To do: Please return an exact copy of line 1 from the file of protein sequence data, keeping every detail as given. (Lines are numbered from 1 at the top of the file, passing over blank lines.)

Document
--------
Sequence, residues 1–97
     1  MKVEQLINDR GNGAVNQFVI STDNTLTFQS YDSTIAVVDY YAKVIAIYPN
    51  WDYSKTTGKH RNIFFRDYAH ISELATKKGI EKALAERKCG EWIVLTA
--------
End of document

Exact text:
Sequence, residues 1–97